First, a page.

As a runner on her high school's cross country team, Vanessa Hurtado was used to pushing herself to the limits to outmaneuver her opponents.
Sometimes the other runners were people she had raced against before; other times her opponents were new adversaries.
But on Dec. 13, 2009, she encountered an opponent that she never saw coming — a car accident that would change her life's scope and set her on a new path.
"I don't remember what happened at all. I woke up in the hospital," said Hurtado, a 2010 Banks County High School graduate.
"I talked with my family and they told me it had been raining that day and that I was on my way to work. They think my car hydroplaned, but I don't remember."
She may not be able to recall the how, but she definitely knows every detail of what the results were.
The impact from hitting the steering wheel and windshield of her car fractured nearly every bone in her face.
"The surgery to reconstruct my face lasted about eight or nine hours," Hurtado recalls.
"When I woke up from the anesthesia, it hurt. It hurt really bad. They gave me one of those (IV drips) that you can push a button to get morphine for the pain, but even with that, it still hurt."
To try and correct the trauma caused by the accident, surgeons had to implant screws and plates to realign Hurtado's facial features.
While managing her pain was a major feat, she still had another obstacle to overcome: looking in the mirror.
"I was curious about what I looked like, but I didn't want to look," Hurtado said.
"After about three weeks, they got me up (from the bed) and had me walking around. One day I got up to try and take a shower and I decided to look."
Even though she'd been preparing for that first glance for weeks, she still wasn't ready for the image reflected in the mirror's surface.
"It didn't look like me. It's hard to explain," Hurtado said.
"Everything was really swollen. To see that, my heart dropped."
The car accident may have blindsided her, but just as she drew strength from her track teammates in high school, Hurtado relied on the strength of her combined medical team to help her on the road to victory.
"There was one nurse who really stuck out. I can remember her coming in my room and telling me to not be discouraged and that God had a greater plan for me," Hurtado recalls.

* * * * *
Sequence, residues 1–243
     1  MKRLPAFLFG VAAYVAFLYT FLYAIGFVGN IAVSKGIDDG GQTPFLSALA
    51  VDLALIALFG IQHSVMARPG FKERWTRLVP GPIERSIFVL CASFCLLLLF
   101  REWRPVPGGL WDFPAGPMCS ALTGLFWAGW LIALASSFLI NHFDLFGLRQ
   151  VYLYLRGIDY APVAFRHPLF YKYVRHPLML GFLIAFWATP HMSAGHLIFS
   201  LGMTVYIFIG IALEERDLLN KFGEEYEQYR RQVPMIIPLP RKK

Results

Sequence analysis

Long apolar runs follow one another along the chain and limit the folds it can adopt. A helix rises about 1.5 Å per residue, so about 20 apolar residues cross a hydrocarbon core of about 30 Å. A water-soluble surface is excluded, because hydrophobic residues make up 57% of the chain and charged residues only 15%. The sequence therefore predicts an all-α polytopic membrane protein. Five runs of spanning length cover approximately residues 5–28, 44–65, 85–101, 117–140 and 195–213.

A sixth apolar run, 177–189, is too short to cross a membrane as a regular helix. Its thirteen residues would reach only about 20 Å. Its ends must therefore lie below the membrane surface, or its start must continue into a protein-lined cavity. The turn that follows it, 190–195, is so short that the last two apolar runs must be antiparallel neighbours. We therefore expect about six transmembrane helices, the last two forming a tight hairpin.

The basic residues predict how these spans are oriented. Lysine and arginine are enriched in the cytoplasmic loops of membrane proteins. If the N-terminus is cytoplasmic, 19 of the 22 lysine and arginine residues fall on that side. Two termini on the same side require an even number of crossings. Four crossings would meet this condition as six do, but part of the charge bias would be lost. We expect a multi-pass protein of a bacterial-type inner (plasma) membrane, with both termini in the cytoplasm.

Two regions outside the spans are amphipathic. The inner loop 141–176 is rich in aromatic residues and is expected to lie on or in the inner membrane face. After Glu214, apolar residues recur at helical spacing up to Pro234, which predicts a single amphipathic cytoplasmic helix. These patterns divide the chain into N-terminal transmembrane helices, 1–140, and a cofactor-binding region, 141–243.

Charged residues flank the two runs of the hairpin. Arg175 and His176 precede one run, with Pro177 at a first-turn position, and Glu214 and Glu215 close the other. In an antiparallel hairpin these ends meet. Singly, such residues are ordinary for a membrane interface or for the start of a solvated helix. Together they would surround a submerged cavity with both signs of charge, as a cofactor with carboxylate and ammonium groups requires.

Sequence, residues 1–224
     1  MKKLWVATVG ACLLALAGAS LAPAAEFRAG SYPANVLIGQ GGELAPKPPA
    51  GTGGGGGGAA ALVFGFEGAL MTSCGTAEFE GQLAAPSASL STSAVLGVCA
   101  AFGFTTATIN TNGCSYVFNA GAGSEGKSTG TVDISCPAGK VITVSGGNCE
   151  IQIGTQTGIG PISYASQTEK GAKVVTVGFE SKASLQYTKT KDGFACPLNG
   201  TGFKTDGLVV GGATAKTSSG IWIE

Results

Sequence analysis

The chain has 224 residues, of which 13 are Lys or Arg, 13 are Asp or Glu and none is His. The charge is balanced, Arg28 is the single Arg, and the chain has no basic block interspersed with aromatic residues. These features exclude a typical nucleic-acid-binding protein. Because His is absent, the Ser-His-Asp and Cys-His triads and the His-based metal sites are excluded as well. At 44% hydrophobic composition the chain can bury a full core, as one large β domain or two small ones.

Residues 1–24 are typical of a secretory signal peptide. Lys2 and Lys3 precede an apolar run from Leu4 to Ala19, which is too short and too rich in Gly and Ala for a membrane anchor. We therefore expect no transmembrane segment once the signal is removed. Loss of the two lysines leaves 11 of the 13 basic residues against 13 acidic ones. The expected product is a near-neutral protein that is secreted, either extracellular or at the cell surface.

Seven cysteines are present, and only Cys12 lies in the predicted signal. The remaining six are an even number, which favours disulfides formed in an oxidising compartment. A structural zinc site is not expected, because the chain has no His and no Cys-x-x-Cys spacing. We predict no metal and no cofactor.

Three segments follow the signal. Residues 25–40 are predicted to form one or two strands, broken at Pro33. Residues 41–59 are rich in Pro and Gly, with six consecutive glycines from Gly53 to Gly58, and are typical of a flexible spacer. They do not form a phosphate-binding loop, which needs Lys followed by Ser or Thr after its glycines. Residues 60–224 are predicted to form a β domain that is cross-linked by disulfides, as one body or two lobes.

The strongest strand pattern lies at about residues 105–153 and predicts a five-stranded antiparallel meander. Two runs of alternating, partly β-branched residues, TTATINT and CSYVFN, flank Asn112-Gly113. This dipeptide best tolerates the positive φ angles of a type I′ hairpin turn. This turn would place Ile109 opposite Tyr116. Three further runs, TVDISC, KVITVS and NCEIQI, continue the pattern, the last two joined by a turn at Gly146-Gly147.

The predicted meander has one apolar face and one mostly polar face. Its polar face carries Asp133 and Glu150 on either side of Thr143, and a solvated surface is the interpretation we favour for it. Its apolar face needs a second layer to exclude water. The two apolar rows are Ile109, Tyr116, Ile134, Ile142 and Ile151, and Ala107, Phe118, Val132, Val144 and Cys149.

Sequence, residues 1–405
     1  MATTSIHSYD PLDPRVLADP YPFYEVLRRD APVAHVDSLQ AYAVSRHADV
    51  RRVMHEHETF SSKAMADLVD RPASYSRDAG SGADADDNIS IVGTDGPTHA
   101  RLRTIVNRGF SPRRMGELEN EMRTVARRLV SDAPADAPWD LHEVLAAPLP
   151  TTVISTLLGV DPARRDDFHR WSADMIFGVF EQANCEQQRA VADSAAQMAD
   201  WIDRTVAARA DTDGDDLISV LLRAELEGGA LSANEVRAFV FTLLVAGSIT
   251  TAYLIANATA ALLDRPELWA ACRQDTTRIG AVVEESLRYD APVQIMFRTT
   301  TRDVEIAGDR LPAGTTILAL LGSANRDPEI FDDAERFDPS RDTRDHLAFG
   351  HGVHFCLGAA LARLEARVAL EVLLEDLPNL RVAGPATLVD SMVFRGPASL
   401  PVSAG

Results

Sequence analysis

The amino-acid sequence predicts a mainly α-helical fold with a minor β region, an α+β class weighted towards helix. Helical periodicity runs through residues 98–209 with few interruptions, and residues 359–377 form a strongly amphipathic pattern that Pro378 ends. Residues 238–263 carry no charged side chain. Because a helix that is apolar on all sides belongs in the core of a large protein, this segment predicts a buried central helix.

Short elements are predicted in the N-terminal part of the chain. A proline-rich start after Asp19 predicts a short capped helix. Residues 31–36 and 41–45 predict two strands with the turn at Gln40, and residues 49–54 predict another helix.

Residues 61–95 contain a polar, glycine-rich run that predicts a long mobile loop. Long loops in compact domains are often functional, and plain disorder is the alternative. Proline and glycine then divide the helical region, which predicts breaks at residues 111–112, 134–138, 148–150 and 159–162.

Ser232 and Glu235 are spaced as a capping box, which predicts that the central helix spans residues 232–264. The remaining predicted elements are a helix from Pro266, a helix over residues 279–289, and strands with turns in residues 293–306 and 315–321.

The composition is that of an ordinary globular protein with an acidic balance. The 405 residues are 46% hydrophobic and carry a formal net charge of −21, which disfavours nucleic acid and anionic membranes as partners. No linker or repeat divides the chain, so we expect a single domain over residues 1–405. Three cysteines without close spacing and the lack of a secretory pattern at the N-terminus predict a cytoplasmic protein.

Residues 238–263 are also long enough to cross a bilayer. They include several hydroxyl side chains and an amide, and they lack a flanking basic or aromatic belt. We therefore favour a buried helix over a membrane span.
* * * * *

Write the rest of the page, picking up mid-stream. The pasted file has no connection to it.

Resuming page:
"It was really encouraging."
The nurse also shared details about her own medical battle.
"She told me her story about how she had cancer and how she'd lost all of her hair and how that made her feel," Hurtado said.
"It just made me think, ‘Wow. I think I have it bad, but there are other people out there who are suffering, and who have suffered but overcame.'
"It gave me hope through everything that I was going through."
Although she's still undergoing surgeries today, Hurtado's in-hospital stay was much shorter than doctors anticipated.
"I recovered much faster than what they'd thought. They all said one month in the hospital was really good because they thought I'd be there for two or three," Hurtado said.
"I thought I'd be there forever."
Even though she seemed to be recuperating faster than expected, doctors still tried to limit the athlete's activity level.
"They told me that I wouldn't be able to run again or play soccer," Hurtado said.
Never one to concede defeat, she didn't give up hope. Instead, she did as she'd always done: challenged her limits in order to rise to the occasion.
"After I was released from the hospital, I was home-schooled for a while and then I moved up to half days at school," Hurtado said.
"Once I started going back to school full time, I started going to soccer practice and was able to play on the soccer team my senior year."
After hearing the dangers of what could happen if a soccer ball struck her face, some may question why Hurtado was so gung-ho about getting back on the field.
"Part of it was because I really like playing soccer," Hurtado said. "But the other part was about proving to myself that, ‘Hey, I can do this. I'm going to be OK.'"
Despite the setback, Hurtado was able to graduate from high school on time and enroll in college. Prior to the accident, she was set to enroll at a military college and pursue a degree in criminal justice. After the accident, she had a change of heart.
While still in high school, Hurtado had made contact with the cross country coach at Truett-McConnell College in Cleveland, when she attended a sports camp at the school. During her senior year, he had offered her a spot on TMC's cross country team.
"With my wreck and being told that I wouldn't be able to run or play soccer again, that just really made me want to run," Hurtado said.
"I was afraid that the coach wouldn't want to sign me anymore after my accident, but thankfully he didn't do any of what I thought."
Today, Hurtado is in the midst of her second semester at the biblically-centered liberal arts college and a proud cross-country runner.
Though she was well on the road to healing, Hurtado's car accident changed her life again during her first semester in college when she decided to change her major to nursing.
"I had been deterred from TMC (in the past) because I thought it was only for people called to minister full time and I knew I wasn't called to be a pastor," Hurtado said.
"After reflecting upon my accident, I realized that I do have a calling. It is helping and giving hope to people in the hospital just like those nurses did for me."